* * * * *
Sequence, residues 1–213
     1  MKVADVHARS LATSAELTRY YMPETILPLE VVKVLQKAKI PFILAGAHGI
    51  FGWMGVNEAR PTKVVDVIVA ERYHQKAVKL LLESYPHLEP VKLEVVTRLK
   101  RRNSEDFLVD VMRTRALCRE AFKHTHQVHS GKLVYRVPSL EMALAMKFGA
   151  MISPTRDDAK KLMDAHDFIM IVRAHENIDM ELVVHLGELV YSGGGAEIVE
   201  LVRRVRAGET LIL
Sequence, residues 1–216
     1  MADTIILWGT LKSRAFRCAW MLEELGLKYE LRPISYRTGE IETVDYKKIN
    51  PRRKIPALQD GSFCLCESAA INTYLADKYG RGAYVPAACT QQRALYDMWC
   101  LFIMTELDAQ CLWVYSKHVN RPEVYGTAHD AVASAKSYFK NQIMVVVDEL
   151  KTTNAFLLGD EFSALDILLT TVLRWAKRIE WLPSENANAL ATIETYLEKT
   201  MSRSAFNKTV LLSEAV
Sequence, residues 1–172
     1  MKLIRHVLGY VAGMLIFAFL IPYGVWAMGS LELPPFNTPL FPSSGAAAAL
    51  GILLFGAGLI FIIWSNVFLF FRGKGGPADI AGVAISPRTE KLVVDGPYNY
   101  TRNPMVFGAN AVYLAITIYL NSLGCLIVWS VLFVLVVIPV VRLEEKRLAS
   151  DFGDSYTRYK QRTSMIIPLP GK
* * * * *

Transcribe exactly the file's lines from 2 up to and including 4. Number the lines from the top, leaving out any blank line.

     1  MKVADVHARS LATSAELTRY YMPETILPLE VVKVLQKAKI PFILAGAHGI
    51  FGWMGVNEAR PTKVVDVIVA ERYHQKAVKL LLESYPHLEP VKLEVVTRLK
   101  RRNSEDFLVD VMRTRALCRE AFKHTHQVHS GKLVYRVPSL EMALAMKFGA